How to Use this Tool
In partnership with the Teagle Foundation, IFYC awarded fourteen grants to colleges and universities developing curricular programs that used concepts, methods, and frameworks from Interfaith and Interreligious Studies to bridge liberal arts education with pre-professional preparation. One significant theme that arose was the importance of educating future healthcare providers to be capable and confident when navigating the many ways that religious beliefs and commitments influence healthcare decisions.
Across the country, more and more colleges and universities are considering how to incorporate interfaith leadership training into courses in global health, medical ethics, nursing, and physical therapy. This resource is a collection of course descriptions, learning outcomes, classroom activities, and case studies from courses developed in these programs.
Based on real courses created by faculty around the country, these examples have been revised for clarity and length.
Global Health (Shenandoah University)
Professor Audra L. Gollenberg
Course description: Global health is the study of the biological, social, and environmental factors that contribute to the creation and maintenance of health and disease in populations around the world. These factors include infectious disease, nutrition, economic factors, clean water, pollution, and globalization, among others. This course introduces students to the study of global health by exploring these topics in detail. This course is designed to give an overview of health problems from an international perspective. Students will learn to analyze risk factors for global health problems and explain the complex interactions between behavior, context, and disease.
Learning outcomes for this course include:
- Explain the health needs of special population groups (like women and children, prisoners, refugees, etc.)
- Identify major organizations that are involved in global health and illustrate the importance of individual involvement in global health affairs
- Demonstrate how religion intersects with public health practice
Case study activity: Students read “Religion and Ebola: Learning from Experience” by Katherine Marshall and Sally Smith (The Lancet, 2015) and examine recommendations from the World Health Organization reflecting on how religion and religious practices played an integral role in the 2014-2015 western African Ebola epidemic and its containment. Students also watch an assigned video on safe and dignified burials of those with Ebola in Sierra Leone. They then discuss ways to integrate religious leaders and religious practices into the control of infectious disease outbreaks, working through the following questions:
- In what ways did religion play a role in the Ebola outbreak in west Africa (2014-2015)?
- Imagine you are one of the global health outreach workers whose primary objective is to work with villages in west Africa to halt the spread of Ebola during the 2014-2015 epidemic. In what ways should you incorporate religion, religious leaders, and religious practices in your outreach methods? Explain in detail.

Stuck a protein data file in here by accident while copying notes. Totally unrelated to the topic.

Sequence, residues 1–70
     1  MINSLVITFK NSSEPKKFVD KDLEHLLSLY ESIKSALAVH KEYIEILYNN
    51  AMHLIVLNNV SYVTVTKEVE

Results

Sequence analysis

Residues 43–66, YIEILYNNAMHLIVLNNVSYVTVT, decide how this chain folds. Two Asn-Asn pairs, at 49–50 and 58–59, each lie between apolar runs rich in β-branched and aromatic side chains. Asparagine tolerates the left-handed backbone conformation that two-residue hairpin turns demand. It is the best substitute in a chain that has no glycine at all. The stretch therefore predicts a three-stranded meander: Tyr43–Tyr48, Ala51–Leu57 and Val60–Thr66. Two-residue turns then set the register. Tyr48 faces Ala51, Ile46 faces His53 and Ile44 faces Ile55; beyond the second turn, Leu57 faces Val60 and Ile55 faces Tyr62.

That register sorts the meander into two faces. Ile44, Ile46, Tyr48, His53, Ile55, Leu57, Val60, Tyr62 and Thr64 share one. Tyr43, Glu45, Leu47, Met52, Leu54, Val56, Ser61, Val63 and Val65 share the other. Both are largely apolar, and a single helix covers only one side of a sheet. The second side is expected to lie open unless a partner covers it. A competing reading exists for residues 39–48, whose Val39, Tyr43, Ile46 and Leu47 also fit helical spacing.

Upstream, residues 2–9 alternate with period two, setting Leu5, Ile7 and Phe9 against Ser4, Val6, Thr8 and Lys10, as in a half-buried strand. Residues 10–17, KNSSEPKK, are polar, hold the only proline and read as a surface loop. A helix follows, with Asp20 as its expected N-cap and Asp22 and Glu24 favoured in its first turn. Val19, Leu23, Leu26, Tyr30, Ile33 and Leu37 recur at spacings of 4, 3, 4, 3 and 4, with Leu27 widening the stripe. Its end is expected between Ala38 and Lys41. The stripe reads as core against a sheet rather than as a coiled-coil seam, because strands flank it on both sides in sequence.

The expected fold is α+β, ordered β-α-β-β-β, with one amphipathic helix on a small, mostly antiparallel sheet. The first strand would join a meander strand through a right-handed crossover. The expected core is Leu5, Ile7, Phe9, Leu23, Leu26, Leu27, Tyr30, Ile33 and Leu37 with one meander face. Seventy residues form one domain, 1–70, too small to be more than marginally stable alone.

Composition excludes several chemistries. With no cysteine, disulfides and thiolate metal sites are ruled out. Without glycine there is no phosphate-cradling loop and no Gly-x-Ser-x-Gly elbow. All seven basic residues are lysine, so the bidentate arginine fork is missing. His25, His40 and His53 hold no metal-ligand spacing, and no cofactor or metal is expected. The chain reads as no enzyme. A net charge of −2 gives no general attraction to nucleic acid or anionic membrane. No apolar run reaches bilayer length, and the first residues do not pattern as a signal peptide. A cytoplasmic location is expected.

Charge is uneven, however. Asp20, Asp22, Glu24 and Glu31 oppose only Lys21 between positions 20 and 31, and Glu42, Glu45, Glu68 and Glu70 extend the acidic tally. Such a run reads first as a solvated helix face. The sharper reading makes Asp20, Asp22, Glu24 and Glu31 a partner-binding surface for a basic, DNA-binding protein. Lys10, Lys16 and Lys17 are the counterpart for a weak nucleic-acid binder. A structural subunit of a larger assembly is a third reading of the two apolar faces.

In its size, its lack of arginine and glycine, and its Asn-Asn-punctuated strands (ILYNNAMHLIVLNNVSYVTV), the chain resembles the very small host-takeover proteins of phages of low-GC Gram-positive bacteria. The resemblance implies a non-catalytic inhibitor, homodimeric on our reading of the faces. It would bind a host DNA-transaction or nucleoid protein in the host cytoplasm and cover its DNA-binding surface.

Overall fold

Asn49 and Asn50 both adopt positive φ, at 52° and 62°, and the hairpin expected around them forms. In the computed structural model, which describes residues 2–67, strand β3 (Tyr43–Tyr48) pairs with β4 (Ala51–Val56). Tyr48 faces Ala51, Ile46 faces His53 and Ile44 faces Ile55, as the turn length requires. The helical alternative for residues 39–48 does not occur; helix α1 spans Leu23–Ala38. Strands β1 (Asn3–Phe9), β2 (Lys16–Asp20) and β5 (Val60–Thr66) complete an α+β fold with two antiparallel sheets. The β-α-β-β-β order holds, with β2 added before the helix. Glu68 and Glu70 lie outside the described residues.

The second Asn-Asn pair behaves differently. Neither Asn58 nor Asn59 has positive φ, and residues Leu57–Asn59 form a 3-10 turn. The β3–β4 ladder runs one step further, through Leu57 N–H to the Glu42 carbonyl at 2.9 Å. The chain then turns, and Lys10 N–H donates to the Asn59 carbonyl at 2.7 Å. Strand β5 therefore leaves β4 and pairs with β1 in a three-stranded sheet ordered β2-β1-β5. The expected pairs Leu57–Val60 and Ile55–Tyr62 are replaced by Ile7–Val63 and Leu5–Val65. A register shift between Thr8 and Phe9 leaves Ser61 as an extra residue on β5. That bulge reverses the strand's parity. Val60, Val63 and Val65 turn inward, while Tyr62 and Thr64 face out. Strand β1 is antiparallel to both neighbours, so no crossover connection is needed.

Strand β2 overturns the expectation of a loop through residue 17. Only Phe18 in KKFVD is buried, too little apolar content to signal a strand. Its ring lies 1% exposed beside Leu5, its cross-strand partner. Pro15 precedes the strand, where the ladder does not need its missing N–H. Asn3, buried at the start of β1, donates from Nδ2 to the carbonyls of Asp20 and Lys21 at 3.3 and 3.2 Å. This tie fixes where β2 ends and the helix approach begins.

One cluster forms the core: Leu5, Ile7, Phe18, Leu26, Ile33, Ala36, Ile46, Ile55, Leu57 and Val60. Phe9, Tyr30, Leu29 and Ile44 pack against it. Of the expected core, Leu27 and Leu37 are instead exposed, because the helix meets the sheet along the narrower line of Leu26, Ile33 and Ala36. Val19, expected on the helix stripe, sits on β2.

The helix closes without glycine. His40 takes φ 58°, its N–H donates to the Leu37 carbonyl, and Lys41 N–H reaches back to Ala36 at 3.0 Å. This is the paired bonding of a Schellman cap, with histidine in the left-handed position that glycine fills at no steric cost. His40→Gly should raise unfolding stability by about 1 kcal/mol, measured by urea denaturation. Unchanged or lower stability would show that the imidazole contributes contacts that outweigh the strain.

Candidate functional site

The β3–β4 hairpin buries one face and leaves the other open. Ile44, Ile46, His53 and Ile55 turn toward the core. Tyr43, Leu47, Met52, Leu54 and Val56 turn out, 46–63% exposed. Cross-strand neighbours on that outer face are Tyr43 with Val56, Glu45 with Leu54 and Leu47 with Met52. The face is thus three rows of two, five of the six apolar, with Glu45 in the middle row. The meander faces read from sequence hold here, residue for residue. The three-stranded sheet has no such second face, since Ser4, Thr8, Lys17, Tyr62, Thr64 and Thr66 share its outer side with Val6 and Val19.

- Why is it important to consider religion when working in diverse communities to improve health? Give examples in your answer.
- Imagine you are asked to give advice to a young student who wishes to work in global health as a career. The student asks how he/she should prepare to consider religion in his/her future work. What is your response?
Personal and Community Health (Bridgewater College)
Professor Jill Lassiter
Course description: This course examines the multiple determinants of health and wellness from a personal and community perspective. Students will work toward obtaining knowledge and skills to critically analyze individual, social, and environmental factors that influence health, while focusing on their application to individual and community health improvement.
Learning outcomes for this course include:
- Demonstrate knowledge of the many factors that influence personal health choices (including religious and worldview considerations)
- Critically analyze social, religious, and political factors that impact personal and community health
- Develop strategies to initiate community change that are culturally sensitive and support healthy lifestyles
Sample course assignment: Perspectives paper
Over the course of the semester students reflect on their own role within the complex healthcare system. The outcome of this exploration and writing assignment is a clearer vision of themselves as healthcare consumers, providers, and community members.
Students are required to conduct a series of interviews with a specific set of questions. They must interview a healthcare provider, someone from their service learning site, and someone who has had a significant experience as a patient. All interviews must be oral, so that the conversation involves interaction and further questioning beyond the listed set of questions. In addition to notes on each interview, students must write a final synthesis paper, including self-reflection from the beginning and end of the semester in which students answer the questions: What is my role as a healthcare consumer, responsible citizen, and (eventual) healthcare provider? And how does my identity (social, family, demographic, etc.) impact my views about health? These final papers must comment on intersectionality and determinants of individual and community health.
- How do you feel about the current state of healthcare in the United States?
- What do you think is the impact of the community on the health of your patients/your health?
- How do your patients/you take personal responsibility for their/your health? What are some ways that they/you do not take personal responsibility for their/your health?
- How does faith play a role in health?
- How does provider personality, communication style, personal views, etc. impact patients?